From the mass grave at Musayib, Iraq
Heard of some gravesites, out by the highway,
A place where nobody knows
-- Talking Heads, Life During Wartime
From USAID, a short but chlling brochure , Iraq's Legacy of Terror: Mass Graves, combines facts, maps, survivor stories, and graphic images. Available as a PDF from the link above.
Since the Saddam Hussein regime was overthrown in May, 270 mass graves have been reported. By mid-January, 2004, the number of confirmed sites climbed to fifty-three. Some graves hold a few dozen bodies -- their arms lashed together and the bullet holes in the backs of skulls testimony to their execution. Other graves go on for hundreds of meters, densely packed with thousands of bodies.Here's one of the survivors' stories.
Ali,* 36, an aircraft mechanic, was driving his family from Al Hillah to his farm in Mahawil on March 6, 1991, during the Shiite uprising after the end of the Gulf War. The city was being bombed. Ali was stopped at a military checkpoint outside the city near a brick factory and ordered to get out. His wife, newborn baby, and handicapped mother were ordered to drive away. Ali was ordered to remove his jacket, and uniformed men tied his hands and feet with his jacket and pieces of cloth and placed a blindfold over his eyes. Ali could still see through the blindfold, however, and saw about 12 other people, including men, women, children, and elderly, pulled from cars, bound, and blindfolded. They were dragged to a white Toyota Land Cruiser and piled on top of each other over the seats. No words were spoken, because when others attempted to speak they received severe blows to the head and body. It was approximately 10 a.m. when they arrived at the Mahawil military camp on the outskirts of the city. There they were unloaded, registered, and escorted into a large assembly hall filled with approximately 200 people.
Everyone was sitting on the floor with their hands and feet tied. They were blindfolded and positioned facing the walls.
Ali was placed near the door and could see outside. At about 4:30 p.m., the military men built a large ring of tires about 20 feet wide and set it on fire. Next to the fire were large buses, and the soldiers began escorting people from the hall to the buses. At this time, people were also being carried out of the hall and thrown into the fire. Ali believes that because the military was in a hurry to execute them and not everyone would fit on the buses, they decided to burn some people alive. After about 30 minutes of witnessing this, he was escorted from the hall and loaded onto a bus.
At approximately 6 p.m., they were taken on a short drive to a swampy area behind the brick factory. It was dark and he saw headlights in front of the buses. He believes the lights were headlights from the Land Cruisers driven by
Saddam’s men. He could hear shots but not voices. Ali was paralyzed with fear. Everyone in the bus was blindfolded. After about 15 minutes, the bus in front of his drove away and the headlights were directly on his bus. They pulled seven to 10 people off the bus. Shots rang out. Ali’s group was the next to be pulled from the bus. In his group was a blind man, three brothers, a woman, and her five year old son. The group was led to the front of the bus where the headlights were directly on them.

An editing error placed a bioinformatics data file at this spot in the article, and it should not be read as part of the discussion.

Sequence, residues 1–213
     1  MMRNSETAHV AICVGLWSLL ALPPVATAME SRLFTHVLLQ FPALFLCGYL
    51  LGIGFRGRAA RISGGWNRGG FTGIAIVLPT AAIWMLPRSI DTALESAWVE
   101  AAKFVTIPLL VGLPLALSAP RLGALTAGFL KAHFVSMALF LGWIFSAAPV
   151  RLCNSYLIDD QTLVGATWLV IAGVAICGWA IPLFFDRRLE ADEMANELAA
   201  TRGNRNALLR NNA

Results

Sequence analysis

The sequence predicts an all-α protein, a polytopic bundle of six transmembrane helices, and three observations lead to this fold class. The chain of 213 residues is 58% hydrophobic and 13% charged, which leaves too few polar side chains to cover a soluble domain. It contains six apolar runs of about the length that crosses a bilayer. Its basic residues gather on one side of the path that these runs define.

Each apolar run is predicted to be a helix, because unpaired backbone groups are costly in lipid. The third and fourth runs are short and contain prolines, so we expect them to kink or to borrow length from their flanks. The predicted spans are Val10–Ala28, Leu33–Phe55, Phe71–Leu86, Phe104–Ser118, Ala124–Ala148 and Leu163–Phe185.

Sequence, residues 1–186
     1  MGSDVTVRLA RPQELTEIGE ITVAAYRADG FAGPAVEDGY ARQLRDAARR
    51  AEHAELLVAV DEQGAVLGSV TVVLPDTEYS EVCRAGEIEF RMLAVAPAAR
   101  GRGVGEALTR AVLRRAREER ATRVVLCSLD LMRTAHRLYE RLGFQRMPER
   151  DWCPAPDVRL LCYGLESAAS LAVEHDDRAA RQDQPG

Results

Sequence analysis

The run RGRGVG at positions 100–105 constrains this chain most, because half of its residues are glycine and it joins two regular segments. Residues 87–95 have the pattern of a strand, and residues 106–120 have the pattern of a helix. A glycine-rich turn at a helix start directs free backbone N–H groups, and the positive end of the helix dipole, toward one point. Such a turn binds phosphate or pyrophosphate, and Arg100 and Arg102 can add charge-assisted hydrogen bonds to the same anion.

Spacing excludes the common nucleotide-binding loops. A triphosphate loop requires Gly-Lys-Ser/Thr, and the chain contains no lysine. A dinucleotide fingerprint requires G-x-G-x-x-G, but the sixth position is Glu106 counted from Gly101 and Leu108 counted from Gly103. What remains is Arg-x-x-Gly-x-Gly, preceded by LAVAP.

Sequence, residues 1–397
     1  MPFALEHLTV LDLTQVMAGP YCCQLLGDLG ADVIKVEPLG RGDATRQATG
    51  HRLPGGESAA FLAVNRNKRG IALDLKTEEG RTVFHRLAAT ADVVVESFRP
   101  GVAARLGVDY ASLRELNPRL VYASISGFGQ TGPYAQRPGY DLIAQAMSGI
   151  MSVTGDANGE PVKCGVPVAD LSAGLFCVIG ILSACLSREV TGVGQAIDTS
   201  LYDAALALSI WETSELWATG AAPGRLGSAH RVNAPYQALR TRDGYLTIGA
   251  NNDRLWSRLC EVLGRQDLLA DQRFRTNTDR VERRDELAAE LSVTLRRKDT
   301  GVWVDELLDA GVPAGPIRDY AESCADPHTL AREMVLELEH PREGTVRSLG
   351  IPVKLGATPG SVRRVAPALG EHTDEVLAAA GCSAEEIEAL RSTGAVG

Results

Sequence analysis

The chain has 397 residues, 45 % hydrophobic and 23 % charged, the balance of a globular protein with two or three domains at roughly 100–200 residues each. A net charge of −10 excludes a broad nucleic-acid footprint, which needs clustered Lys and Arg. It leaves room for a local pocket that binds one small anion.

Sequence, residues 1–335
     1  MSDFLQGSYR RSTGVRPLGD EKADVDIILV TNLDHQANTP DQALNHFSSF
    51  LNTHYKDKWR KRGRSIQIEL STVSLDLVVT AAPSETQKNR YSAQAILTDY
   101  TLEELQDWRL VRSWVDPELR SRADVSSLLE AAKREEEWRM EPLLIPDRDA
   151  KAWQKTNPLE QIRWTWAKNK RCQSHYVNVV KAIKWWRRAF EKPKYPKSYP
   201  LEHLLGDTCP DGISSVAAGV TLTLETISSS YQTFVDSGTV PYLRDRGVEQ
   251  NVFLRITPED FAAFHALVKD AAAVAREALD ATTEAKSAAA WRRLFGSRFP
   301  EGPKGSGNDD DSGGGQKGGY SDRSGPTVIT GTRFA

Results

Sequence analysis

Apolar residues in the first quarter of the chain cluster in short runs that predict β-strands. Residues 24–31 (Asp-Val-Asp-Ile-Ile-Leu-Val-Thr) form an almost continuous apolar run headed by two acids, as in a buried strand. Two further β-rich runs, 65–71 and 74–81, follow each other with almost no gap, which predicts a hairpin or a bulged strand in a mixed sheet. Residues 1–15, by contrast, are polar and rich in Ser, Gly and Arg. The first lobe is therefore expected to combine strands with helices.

They were pushed to the ground and then were pulled up one at a time to be executed. They were pushed a couple of feet to the edge of the swamp and shot. Most would fall before being shot because they were over-come with fear. Ali does not remember any words being spoken—except the plea of the three brothers who begged that at least one be spared. They were executed one at a time. Next, the woman was shot in front of her five-year-old child. The child lunged at the legs of the executioner and was kicked away and shot in the face. The blind man was then executed and his chest exploded on Ali. There were three executioners. They took turns shooting and reloading. Ali was last in the group to be shot, and the soldier who was to execute Ali shot between his legs. The soldier was then shot dead by another soldier. During this commotion, Ali turned to the swamp, jumped over bodies, and ran through the water. They shot after him. He was hit in the left hand and foot and fell, breaking his nose. He continued on and made it to the other side of the swamp. A tractor with soldiers came in his direction looking for him, so he tossed his robe into the water and hid in a thicket of cane. The soldiers saw his robe and sprayed it with bullets thinking they had shot him. A bulldozer appeared next and began shoveling dirt on it to cover what they thought was his body. Ali was very near and was knocked unconscious by falling rocks, but he was not completely buried. When the bulldozer left, he pulled himself out of the dirt and crawled to an empty canal. He could still hear shots in the distance: a third bus had arrived during his escape. Ali crawled through the canal for about 30 minutes, making his way to a farmhouse. He knocked on the door, and was taken in by the family, which told him later that he “was a piece of blood.” He doesn’t remember
much about the care they provided him except for the yogurt they fed him and the heater they placed near him. The family knew his uncles, so they clothed him, gave him a donkey and a cane, and told him to follow the canal to an uncle’s house. Ali made it there, and his uncle cleaned him and took him to Baghdad the next day. He hid there for one month without telling anyone except his uncle. He returned home to discover his two brothers had been executed in similar roundups. He left the neighborhood and changed his identity. He was also protected by an intelligence officer in his neighborhood. When Saddam was toppled, he resumed his identity after having been in hiding for over 12 years. He is a member of the Human Rights Association of Al Hillah.